The US Should Look to the UAE on Immigration Reform

Kirby R. Cundiff – June 11, 2019

Long-term care costs in the United States are staggering. The national average cost for an assisted living facility or home health care is $4,000/month, and the average cost for nursing home care is $8,000/month. These costs do not include skilled medical care or prescription drugs. Over half of retirees will need some form of long-term care during their lifetime. Currently, around 1.4 million Americans are in nursing homes. The average stay in a nursing home is over two years, and the majority of nursing home residents are female.

Since the median net worth of a retiree’s household in the United States is around $200,000, most Americans entering a nursing home will lose all of their assets during their nursing home stay. This is considered standard and is referred to in the industry as the spend-down period. After the spend-down period, nursing home residents will spend the rest of their lives living off of Medicaid in a double occupancy room, and their children will inherit nothing. If the children want their parents to have a little privacy in the nursing home, they will have to come up with another $500/month or more beyond Medicaid for a private room after their parents go bankrupt.

Like most health care costs in the United States, there is no reason for nursing home-related personal bankruptcy, and it is an American problem, not a worldwide one. The vast majority of labor performed to assist an elderly person in a nursing home is unskilled physical labor such as helping an elderly person on and off of the toilet or giving them a bath. Home health care aids may cost $4,000/month in the US, but largely, the same service can be performed by a live-in Filipino maid in Dubai, UAE, for $500/month. Full nursing home services much nicer than most in the US are available in Estonia for around $1,000/month.

Domestic Worker Visas

In the United Arab Emirates (UAE), individuals can easily process visas for domestic workers in a few days, and the costs are minimal. All guest workers in the UAE are required to undergo a physical examination for contagious diseases and receive some vaccinations. The cost of the physical exam and processing fees totals a few hundred dollars, and the process takes about a week.

The annual cost of sponsoring a domestic worker in the UAE is under $100. In the United States, a similar work visa, or even a marriage visa, will cost thousands of dollars and take many years to process. Only large companies can afford to sponsor foreign workers in the United States; a family bringing in cheap domestic labor is largely unheard of in the US.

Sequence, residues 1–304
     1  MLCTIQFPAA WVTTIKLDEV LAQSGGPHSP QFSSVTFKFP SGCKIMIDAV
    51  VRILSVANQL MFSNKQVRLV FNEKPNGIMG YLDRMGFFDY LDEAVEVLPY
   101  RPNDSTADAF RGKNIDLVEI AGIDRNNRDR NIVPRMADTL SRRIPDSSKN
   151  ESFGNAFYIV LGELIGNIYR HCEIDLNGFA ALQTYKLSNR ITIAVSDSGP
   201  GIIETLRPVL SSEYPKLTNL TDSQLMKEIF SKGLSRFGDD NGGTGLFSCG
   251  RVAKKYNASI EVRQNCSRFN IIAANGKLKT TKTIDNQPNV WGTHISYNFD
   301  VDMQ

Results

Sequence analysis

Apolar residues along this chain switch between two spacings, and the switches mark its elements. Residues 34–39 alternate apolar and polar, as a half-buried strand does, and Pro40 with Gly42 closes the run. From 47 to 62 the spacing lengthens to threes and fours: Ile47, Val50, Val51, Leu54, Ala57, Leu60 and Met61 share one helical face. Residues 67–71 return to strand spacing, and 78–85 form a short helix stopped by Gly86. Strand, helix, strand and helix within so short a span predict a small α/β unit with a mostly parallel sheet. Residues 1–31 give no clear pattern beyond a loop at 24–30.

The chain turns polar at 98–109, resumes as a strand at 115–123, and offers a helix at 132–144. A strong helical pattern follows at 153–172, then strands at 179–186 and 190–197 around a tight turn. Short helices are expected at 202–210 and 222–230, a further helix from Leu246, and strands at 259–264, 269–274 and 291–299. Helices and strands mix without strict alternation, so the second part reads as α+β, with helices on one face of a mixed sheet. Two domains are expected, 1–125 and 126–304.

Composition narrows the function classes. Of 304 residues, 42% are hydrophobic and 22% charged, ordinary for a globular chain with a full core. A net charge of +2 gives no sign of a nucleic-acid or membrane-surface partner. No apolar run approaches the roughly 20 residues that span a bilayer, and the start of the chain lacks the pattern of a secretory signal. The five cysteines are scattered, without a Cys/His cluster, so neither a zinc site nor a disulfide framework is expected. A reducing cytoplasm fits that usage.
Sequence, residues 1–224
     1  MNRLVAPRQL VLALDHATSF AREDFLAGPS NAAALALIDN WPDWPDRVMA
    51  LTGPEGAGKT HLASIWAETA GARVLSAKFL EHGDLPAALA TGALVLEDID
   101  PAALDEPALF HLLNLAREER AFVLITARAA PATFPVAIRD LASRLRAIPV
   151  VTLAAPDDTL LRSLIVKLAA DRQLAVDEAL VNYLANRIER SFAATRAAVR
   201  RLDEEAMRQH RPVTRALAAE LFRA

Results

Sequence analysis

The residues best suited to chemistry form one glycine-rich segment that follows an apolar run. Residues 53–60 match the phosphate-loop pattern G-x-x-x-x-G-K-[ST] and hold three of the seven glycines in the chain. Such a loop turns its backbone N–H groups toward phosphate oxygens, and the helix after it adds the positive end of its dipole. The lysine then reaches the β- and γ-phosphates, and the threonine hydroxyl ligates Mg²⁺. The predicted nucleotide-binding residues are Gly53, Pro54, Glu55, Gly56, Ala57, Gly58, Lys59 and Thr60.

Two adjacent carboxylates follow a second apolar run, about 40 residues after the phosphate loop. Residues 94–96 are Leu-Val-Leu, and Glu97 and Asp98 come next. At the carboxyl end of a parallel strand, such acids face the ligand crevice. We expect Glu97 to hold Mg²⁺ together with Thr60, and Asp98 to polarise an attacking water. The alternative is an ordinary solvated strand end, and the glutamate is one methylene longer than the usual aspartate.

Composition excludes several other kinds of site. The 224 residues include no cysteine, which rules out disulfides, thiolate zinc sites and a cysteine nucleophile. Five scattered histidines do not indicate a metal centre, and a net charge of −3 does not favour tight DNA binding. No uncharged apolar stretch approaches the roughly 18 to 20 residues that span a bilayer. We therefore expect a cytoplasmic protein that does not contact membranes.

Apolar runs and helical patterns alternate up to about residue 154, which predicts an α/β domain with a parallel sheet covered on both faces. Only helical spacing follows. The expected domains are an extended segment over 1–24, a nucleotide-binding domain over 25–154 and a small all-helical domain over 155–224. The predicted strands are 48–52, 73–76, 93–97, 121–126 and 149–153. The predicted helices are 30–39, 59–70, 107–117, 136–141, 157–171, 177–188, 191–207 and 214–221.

Doctor’s Visits

Other forms of health care are also cheaper in the UAE and outside the US in general. Medical care is relatively plentiful in the UAE. A patient can get a doctor’s appointment within a few hours. Such an appointment, including blood tests, x-rays, and a consultation, might cost around $100 cash. While employers provide medical insurance in the UAE, it is not necessary in many cases. Allowing foreign doctors to practice in the US with an easy work visa would be a way to greatly reduce health care costs and improve health care availability.

Prescription Drugs

Most (non-narcotic) drugs are available over the counter in the UAE for a fraction of the US cost. For example, Nasonex, a nasal spray for sinus infections, is $350/bottle in the US with a prescription. Nasonex costs about $20/bottle in Dubai over the counter and $5/bottle over the counter in Turkey. Legalizing the importation of cheap foreign pharmaceuticals and moving most drugs to over-the-counter status in the US would significantly help reduce US health care costs.

Infrastructure and Migrant Workers

If the US were to emulate a UAE guest visa system, it could lower both skilled and unskilled labor costs in health care, as well as other industries. The UAE has excellent airports, a new metro system, and superb highways built largely by cheap Indian labor; the US transportation system is in shambles. Highly paid union labor is likely to resist cheap overseas labor, but if the system is structured so that current domestic employees were foremen over the vast number of migrant workers necessary to repair America’s crumbling infrastructure, that might change.

In the US today, there is significant resistance to mass immigration due to its perceived effect on crime, the social welfare system, and voting trends. In the UAE, around 90 percent of residents are migrant workers, but there are no refugees. There is no social welfare or government-funded education system for migrants and no path to citizenship. There are no concerns about who the new arrivals will eventually vote for. The system does seem to benefit both the native-born Emirati citizens and the migrants. While there are stories of abuse, guest workers earn more than they would in their home countries, and many guest workers have started businesses and become wealthy.

The average income of an Emirati citizen is over $120,000/year (the average income of a US citizen is $60,000/year), and there is no shortage of people wanting to work in the UAE. The Emirati system has helped make its citizens some of the richest people in the world while providing a land of opportunity for people from poor countries. It also has no income tax, benefiting those fleeing high taxes in the US and Europe. The US should consider the advantages of such a guest worker system over the mess of an immigration system it has today.

This article was originally published at  

Image Credit: Olgaozik from Pixabay

One thought on “The US Should Look to the UAE on Immigration Reform

  1. Very Interesting Article!

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